OT Re: Math-embarrassment results in CS [was: Should non-security 2.7 bugs be fixed?]

Oscar Benjamin oscar.j.benjamin at gmail.com
Wed Jul 22 19:52:09 CEST 2015


On Wed, 22 Jul 2015 at 18:01 Steven D'Aprano <steve at pearwood.info> wrote:

>
> I think that the critical factor there is that it is all in the past tense.
> Today, I believe, the vast majority of mathematicians fall into two camps:
>
> (1) Those who just use numbers without worrying about defining them in some
> deep or fundamental sense;
>

Probably. I'd say that worrying too much about the true essence of numbers
is just Platonism. Numbers are a construct (a very useful one). There are
many other constructs used within mathematics and there are numerous ways
to connect them or define them in terms of each other. Usually these are
referred to as "connections" or sometimes more formally as "isomorphisms"
and they can be useful but don't need to have any metaphysical meaning.

Conventional mathematics treats the natural numbers as subsets of the
complex numbers and usually treats the complex numbers as the most basic
type of numbers. Exactly how you construct this out of sets is not as
important as the usefulness of this concept when actually trying to use
numbers.

(2) Those who understand Gödel and have given up or rejected Russell's
> program to define mathematics in terms of pure logic.
>
<snip>

> It's that I think that Russell's program is a degenerate research program
> and irrelevant paradigm abandoned by nearly everyone. Not only does Gödel
> prove the impossibility of Russell's attempt to ground mathematics in pure
> logic, but mathematicians have by and large rejected Russell's paradigm as
> irrelevant, like quintessence or aether to physicists, or how many angels
> can dance on the head of a pin to theologians. In simple terms, hardly
> anyone cares how you define numbers, so long as the definition gives you
> arithmetic.
>

Actually in the decades since the incompleteness theorems were published
much of mathematics has simply ignored the problem. Hilbert's idea to
construct everything out of formal systems of axioms and proof rules
continues to be pushed to its limits. This is now a standard approach in
the literature, in textbooks and published papers, and in undergraduate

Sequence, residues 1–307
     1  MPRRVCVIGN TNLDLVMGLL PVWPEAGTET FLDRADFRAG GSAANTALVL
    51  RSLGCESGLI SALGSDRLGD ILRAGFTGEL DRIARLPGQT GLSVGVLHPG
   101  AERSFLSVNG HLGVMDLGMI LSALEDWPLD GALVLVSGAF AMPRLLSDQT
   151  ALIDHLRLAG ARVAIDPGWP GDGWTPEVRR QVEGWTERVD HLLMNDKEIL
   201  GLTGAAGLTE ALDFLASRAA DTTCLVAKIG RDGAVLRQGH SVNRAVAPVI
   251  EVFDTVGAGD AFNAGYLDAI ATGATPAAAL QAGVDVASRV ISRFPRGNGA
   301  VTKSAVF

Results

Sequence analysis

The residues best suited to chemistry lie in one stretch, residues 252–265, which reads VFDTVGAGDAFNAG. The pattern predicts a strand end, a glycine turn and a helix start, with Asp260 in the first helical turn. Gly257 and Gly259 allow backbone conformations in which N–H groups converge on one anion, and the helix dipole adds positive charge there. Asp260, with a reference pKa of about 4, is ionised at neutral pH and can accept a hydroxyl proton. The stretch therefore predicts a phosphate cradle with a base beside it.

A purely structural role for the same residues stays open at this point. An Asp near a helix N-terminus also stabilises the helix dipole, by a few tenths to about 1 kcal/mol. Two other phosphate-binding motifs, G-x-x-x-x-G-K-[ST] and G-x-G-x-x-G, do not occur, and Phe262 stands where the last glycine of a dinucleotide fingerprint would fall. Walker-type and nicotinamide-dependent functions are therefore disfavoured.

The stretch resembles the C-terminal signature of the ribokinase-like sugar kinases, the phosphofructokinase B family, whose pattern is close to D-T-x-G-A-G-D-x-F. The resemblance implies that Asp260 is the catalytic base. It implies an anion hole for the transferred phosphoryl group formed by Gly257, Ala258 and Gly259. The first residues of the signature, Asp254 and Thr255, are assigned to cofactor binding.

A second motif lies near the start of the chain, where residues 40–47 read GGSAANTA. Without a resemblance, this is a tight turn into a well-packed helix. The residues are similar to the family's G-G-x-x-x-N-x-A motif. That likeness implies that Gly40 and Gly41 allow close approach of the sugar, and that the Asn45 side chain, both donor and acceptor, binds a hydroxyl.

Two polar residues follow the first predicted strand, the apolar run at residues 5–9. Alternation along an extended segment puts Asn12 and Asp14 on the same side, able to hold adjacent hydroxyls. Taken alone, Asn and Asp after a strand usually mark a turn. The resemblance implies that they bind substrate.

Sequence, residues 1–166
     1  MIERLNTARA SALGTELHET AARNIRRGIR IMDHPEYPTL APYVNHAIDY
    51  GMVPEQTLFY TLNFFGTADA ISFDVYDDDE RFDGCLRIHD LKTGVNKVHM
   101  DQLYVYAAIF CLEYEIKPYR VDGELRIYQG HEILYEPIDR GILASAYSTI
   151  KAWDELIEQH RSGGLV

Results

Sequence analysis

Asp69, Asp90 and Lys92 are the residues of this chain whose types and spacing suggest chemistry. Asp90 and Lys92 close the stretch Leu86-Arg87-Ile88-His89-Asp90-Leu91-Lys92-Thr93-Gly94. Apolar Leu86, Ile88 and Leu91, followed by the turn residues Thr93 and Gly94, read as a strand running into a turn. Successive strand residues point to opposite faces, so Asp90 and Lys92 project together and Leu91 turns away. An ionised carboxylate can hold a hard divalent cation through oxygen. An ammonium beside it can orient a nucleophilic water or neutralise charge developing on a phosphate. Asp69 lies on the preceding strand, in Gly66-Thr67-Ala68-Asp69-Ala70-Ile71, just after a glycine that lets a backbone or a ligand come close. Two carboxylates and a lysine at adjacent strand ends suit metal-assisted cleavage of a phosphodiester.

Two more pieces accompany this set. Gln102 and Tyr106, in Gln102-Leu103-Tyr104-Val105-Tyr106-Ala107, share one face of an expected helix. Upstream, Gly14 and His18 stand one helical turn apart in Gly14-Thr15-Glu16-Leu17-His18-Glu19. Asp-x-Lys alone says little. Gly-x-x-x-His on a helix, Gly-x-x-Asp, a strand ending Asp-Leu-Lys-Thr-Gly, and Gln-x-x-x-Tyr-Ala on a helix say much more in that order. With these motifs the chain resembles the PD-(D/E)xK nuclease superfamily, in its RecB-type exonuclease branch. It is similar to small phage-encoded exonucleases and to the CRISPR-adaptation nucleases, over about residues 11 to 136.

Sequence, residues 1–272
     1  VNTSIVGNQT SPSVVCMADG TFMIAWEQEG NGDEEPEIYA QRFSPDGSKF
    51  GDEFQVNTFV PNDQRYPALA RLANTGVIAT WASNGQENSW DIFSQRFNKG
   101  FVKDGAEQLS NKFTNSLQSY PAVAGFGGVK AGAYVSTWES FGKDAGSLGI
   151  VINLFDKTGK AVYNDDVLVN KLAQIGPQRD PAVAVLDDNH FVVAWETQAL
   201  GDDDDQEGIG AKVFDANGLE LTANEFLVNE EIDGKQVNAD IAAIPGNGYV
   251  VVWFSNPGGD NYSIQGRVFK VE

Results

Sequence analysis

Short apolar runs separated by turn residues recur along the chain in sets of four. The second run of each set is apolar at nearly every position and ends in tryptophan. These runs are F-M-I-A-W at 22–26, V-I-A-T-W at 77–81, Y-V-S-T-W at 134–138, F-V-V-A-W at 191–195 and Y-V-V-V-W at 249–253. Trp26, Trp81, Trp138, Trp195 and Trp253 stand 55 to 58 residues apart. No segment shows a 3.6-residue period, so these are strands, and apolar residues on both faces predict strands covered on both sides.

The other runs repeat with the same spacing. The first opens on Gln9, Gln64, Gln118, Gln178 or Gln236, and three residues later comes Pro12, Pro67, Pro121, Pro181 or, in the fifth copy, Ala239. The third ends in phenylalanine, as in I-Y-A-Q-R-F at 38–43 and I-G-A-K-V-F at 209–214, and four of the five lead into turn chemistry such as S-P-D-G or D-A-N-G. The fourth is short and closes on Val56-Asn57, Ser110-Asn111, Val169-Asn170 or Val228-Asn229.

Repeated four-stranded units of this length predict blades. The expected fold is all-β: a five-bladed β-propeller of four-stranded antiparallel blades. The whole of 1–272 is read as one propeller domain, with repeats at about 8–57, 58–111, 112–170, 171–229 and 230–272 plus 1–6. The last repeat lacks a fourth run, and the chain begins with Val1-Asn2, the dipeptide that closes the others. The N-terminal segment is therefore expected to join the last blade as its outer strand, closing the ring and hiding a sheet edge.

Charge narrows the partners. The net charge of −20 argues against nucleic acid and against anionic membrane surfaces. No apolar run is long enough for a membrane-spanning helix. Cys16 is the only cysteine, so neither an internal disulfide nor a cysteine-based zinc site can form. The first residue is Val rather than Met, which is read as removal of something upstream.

programs. In contrast Gödel's (Platonist IMO) intuitionist idea of
mathematical proof is ignored.

The thing is that it turns out that even if you can't prove everything then
you can at least prove a lot: Gödel demonstrated the existence of at least
one unprovable theorem. Since we know that there are loads of unproven
theorems and that loads of them continue to be proven all the time we
clearly haven't yet hit any kind of "Gödel limit" that would impede further
progress.


> Quoting Wikipedia:
>
> "In the years following Gödel's theorems, as it became clear that there is
> no hope of proving consistency of mathematics, and with development of
> axiomatic set theories such as Zermelo–Fraenkel set theory and the lack of
> any evidence against its consistency, most mathematicians lost interest in
> the topic."
>

They lost interest in the topic of proving consistency, completeness etc.
They didn't lose interest in creating an explosion of different sets of
axioms and proof systems, studying the limits of each and trying to push as
much of conventional mathematics as possible into grand frameworks.

For a modern example of Hilbert's legacy take a look at these guys:

    http://us.metamath.org/mpegif/mmtheorems.html

They've tried to construct all of mathematics out of set theory using a
fully formal (computer verifiable) proof database. They define the natural
numbers as a subset of the complex numbers:

    http://us.metamath.org/mpegif/mmtheorems87.html#mm8625s

The complex numbers themselves are defined in terms of the ordinal numbers
which are similar to the natural numbers but have a distinct definition in
terms of sets:

    http://us.metamath.org/mpegif/mmtheorems77.html#mm7635s

I think they did it that way because it's just too awkward if the complex
number 1 isn't the same as the natural number 1.

--
Oscar
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